I have a friend in California, and if I understood him correctly, the taxes in California reward patience, i.e., they stay the same based on the purchase price based on the period of time you live in the house! Others have answered the bulk of the questions here, but just remember in MA, the taxes change every year. Oh, and by change, I mean "go up", although I'm sure there are a few exceptions to that. Fortunately, this system does moderate the increases somewhat.
What the tax rate (percentage of assessed value) is does in fact get set each year by the local municipal government. But it is not as arbitrary as it seems. The officials are restricted by proposition 2 1/2. However, it may still seem arbitrary to many people.
Details on Prop 2 1/2
The factor of 2 1/2 % comes into play in two ways.
1. It's a ceiling A city or town may only collect, AT MOST, the equivalent of 2.5% of the taxable property value in the city or town. For instance, a town that has real property value of approximately 6,000,000,000 can only collect a MAXIMUM of $150,000,000 in taxes.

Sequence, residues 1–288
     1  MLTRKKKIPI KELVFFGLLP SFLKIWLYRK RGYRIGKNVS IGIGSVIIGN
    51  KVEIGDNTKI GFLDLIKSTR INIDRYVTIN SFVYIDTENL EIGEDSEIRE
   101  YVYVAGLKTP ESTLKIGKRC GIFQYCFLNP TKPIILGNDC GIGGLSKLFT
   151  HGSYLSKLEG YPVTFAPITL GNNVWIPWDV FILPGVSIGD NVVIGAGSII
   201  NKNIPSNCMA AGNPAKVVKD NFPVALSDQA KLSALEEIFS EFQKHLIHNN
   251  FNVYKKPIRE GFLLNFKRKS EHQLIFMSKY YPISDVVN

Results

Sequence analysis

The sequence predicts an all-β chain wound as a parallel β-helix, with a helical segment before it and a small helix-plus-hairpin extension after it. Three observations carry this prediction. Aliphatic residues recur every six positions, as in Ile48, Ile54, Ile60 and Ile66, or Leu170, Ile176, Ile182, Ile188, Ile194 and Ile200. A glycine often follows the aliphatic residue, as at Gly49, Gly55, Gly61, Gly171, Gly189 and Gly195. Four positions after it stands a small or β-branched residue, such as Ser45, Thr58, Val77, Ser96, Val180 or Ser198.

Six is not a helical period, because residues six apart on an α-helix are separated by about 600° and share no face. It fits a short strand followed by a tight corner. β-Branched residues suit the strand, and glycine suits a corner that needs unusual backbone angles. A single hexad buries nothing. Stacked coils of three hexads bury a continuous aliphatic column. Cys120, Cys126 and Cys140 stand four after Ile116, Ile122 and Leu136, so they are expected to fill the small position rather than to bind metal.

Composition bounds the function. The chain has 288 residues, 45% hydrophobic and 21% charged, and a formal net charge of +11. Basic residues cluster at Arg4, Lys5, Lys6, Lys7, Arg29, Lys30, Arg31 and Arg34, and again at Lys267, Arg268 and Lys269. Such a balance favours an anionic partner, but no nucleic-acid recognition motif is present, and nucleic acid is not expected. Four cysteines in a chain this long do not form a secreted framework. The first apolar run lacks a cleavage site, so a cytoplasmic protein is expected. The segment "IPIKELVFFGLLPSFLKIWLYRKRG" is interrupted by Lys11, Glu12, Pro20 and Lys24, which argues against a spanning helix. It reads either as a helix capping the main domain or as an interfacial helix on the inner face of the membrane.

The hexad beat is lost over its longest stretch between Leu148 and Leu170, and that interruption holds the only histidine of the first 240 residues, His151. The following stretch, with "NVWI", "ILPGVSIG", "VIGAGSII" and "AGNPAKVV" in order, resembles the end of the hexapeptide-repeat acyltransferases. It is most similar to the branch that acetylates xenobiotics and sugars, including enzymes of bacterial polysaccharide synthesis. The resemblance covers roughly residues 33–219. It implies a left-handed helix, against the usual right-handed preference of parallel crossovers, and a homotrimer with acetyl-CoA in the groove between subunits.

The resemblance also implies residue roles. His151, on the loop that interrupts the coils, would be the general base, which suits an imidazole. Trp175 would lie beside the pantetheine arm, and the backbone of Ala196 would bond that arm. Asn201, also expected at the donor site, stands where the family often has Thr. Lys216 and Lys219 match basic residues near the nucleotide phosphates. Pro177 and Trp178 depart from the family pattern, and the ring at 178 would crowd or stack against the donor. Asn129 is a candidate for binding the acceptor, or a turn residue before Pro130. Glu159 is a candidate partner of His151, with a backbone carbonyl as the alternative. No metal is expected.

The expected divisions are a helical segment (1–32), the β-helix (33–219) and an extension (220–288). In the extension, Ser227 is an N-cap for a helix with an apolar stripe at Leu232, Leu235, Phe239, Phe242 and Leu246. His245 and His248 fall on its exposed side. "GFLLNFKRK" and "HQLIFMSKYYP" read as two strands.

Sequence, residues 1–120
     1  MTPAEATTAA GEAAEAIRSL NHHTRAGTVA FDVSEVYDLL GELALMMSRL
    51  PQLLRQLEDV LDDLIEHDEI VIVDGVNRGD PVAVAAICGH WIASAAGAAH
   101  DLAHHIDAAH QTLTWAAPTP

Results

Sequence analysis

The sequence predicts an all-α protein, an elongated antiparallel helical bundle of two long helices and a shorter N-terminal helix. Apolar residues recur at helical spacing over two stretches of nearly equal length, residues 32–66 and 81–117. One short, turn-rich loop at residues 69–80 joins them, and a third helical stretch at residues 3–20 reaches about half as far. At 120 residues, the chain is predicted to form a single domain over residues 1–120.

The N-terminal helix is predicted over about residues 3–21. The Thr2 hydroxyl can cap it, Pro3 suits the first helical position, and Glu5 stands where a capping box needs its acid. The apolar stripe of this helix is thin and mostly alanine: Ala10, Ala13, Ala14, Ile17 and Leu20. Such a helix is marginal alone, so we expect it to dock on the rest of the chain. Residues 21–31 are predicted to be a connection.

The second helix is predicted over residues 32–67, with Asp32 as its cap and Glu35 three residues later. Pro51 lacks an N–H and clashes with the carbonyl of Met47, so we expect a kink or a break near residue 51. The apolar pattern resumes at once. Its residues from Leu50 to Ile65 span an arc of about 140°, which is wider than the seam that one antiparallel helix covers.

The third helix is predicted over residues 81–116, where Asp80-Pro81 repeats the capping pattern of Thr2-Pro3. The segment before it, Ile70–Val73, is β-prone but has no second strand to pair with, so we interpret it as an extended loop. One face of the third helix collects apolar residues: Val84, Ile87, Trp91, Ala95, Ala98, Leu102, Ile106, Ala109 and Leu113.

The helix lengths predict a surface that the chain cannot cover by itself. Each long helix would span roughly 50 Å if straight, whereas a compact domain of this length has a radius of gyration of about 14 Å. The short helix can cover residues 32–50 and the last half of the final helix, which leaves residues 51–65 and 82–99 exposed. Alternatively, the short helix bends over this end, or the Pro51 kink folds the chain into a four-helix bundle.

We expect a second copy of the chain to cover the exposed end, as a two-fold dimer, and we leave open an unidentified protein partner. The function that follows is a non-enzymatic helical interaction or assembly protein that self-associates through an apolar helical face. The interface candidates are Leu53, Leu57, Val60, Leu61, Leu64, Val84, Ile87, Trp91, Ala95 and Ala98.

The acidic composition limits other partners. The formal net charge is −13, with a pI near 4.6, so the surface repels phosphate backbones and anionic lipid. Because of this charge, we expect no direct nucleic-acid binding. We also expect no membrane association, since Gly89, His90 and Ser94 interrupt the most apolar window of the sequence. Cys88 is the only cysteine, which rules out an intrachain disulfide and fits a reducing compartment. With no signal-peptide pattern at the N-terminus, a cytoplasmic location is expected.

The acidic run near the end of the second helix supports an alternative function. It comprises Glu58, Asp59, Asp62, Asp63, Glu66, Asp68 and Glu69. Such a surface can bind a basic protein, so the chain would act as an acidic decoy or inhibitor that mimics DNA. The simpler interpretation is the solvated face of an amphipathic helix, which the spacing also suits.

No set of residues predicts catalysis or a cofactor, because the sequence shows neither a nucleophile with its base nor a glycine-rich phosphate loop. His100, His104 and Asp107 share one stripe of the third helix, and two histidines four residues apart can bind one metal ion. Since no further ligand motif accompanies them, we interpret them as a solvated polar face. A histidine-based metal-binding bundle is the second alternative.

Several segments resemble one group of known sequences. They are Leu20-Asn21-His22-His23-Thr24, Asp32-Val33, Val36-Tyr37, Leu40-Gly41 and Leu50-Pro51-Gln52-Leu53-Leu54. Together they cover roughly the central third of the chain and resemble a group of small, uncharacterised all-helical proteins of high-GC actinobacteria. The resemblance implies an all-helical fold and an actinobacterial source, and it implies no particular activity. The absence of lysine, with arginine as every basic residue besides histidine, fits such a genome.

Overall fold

2. It's a cap on increase. A city or town may only INCREASE it's taxable income by 2.5% of the taxable properties minus new growth. Tax on new growth is all increase to the tax base. So, if that same town that can not collect ore than $150,000,000 in taxes .. ran on $100,000,000 dollars, may only collect $102,500,000 the next year + new growth. The burden of that $102,500,000 of taxes is then divided proportionally across all the taxable properties in the city (given one rate for Residential and another for Business). Residential properties are assessed based on "market price" of two years prior. Business properties are assessed based on their revenues and then taxed (often at a higher rate than residential tax).